Blocksyte, an early stage company focused on the mid-market supply chain, today announced the nationwide availability of its Version II SaaS-based blockchain application.“Blocksyte is open for business, helping mid-market food manufacturers, distributors, and retailers embrace the benefits of blockchain,” said Alan Pelz-Sharpe, Blocksyte CEO and co-founder, a nationally recognized expert on blockchain.“More importantly, the easy-to-use Blocksyte application, running on our proprietary enterprise-class technology platform, is designed to help our customers run their businesses more efficiently, reduce costs, and meet the demands of supply chain partners.”The company is initially focusing on the $1.4 trillion food industry, whose recent produce recalls underscore the problems of a fragmented and technically-outdated supply chain.With industry leaders like Wal-Mart pushing their suppliers to implement blockchain applications, mid-market companies require a cost-efficient option that they can easily integrate into their existing operations while earning a quick return on their investment.
Blocksyte is operating several successful pilots of its application with customers representing different parts of the supply chain.One of these, Haverhill, Massachusetts-based CF Cold Storage, operates a 107,000 square foot refrigerated warehouse, and has experienced a measurable increase in efficiency since deploying the Blocksyte application.“By choosing Blocksyte, we gained the ability to monitor our shipments in real-time,” said Costas Flessas, Founder and President of CF Cold Storage.“The result is that we spend less time each day manually tracking items, and have reduced losses and improved our delivery times.”The Blocksyte customer dashboard displays the current and historic location of products along their route, monitors the temperature and humidity of the products, and alerts the customer when a shipment veers off its route or is otherwise disturbed, helping the customer save time and money.The Blocksyte application provides an auditable, non-disputable record of every shipment, providing mid-market customers and their clients with chain of control assurance, enabling them to go paperless and still have a secure proof of delivery (POD).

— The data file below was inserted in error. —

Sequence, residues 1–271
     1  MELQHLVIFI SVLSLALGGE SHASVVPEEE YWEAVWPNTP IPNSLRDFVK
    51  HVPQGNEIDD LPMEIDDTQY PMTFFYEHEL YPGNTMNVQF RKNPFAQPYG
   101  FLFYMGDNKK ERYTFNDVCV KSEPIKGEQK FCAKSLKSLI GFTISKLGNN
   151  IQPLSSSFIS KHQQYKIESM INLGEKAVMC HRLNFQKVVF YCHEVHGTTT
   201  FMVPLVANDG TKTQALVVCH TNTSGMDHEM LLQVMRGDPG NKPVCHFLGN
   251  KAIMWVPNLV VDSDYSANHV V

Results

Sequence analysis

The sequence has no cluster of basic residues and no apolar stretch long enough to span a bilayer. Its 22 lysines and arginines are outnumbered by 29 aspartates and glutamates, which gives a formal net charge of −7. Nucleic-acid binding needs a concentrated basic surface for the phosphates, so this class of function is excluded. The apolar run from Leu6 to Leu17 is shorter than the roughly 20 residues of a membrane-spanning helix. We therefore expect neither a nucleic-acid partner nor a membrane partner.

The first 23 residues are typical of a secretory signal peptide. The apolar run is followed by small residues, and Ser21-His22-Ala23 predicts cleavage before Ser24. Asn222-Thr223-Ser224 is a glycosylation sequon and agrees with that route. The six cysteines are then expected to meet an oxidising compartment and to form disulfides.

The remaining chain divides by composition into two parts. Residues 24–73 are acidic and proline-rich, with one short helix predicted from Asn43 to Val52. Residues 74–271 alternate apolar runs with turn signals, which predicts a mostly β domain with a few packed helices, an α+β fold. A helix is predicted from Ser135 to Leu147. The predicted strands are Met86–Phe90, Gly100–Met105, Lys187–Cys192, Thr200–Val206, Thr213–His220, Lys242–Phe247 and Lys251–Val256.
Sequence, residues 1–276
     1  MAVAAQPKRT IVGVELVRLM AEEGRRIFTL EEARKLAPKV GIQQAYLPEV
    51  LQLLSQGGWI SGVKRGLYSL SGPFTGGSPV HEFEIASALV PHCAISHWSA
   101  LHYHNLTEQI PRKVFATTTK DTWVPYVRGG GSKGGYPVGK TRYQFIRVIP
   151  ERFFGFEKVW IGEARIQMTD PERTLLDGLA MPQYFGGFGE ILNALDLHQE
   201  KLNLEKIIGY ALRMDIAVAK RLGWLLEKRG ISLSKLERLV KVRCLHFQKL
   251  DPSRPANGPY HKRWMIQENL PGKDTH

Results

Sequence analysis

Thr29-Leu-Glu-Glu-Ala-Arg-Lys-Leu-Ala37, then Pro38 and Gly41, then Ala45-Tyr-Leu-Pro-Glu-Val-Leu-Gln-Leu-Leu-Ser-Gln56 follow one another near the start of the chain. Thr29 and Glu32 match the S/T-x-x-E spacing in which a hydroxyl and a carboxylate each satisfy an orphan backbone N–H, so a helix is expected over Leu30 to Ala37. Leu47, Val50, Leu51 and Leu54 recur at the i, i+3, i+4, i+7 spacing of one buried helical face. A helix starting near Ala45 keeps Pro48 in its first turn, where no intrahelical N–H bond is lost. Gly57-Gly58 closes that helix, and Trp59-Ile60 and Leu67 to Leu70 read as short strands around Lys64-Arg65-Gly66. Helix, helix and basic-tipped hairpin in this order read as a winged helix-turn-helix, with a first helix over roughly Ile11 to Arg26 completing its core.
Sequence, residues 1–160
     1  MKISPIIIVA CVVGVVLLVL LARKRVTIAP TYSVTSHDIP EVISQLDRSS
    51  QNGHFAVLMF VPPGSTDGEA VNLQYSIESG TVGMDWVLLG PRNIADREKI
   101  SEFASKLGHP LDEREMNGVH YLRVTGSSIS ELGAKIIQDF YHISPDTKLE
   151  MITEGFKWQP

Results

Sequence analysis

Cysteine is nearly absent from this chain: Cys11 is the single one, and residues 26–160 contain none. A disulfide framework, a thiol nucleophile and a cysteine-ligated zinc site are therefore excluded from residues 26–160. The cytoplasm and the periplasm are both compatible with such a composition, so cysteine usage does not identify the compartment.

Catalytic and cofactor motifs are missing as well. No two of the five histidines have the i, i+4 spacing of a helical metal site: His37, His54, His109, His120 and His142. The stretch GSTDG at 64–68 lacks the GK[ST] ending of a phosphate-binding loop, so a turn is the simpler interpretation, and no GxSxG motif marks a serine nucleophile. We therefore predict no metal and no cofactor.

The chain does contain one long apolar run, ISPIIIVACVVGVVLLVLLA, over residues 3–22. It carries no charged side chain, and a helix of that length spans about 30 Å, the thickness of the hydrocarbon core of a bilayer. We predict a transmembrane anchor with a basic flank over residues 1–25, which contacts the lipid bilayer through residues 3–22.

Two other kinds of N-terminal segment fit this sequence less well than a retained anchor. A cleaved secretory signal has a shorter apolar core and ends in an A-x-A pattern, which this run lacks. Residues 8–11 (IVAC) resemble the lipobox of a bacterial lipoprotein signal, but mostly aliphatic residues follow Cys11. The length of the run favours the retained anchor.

Additional features of the Blocksyte application include the ability for customers to incorporate smart contracts and electronic invoices integrated to cloud-based accounting systems and enabled by blockchain, meaning the data entered is immutable and cannot be altered, an important factor when products change hands several times as part of the typical supply chain journey.This traceability can, for example, facilitate targeted product recalls instead of cumbersome national recalls, such as happened with romaine lettuce in November 2018.Blocksyte’s technology advancements are one of the reasons the company was recently named technology runner-up in the 2018 Flatley Challenge Tech Startup Competition, held annually to recognize startups and emerging businesses in the southern New Hampshire area, a hotbed for tech startups due to the area’s highly-educated workforce and business-friendly economic environment.Added Pelz-Sharpe, “being recognized in the Flatley Challenge is a positive reinforcement of Blocksyte’s capabilities and an important milestone as we look to grow and help more customers in 2019.” - NASHUA, NH - 02/05/2019 (PRDistribution.com).
As an established trade association serving foodservice manufacturers for over 65 years, IFMA works to improve industry practices and relationships while equipping every foodservice manufacturer with the tools to navigate their future with confidence. By providing insights, developing best practices and fostering connectivity through events, we enlighten members and motivate change that leads to the betterment for the individual member organization and the industry at large.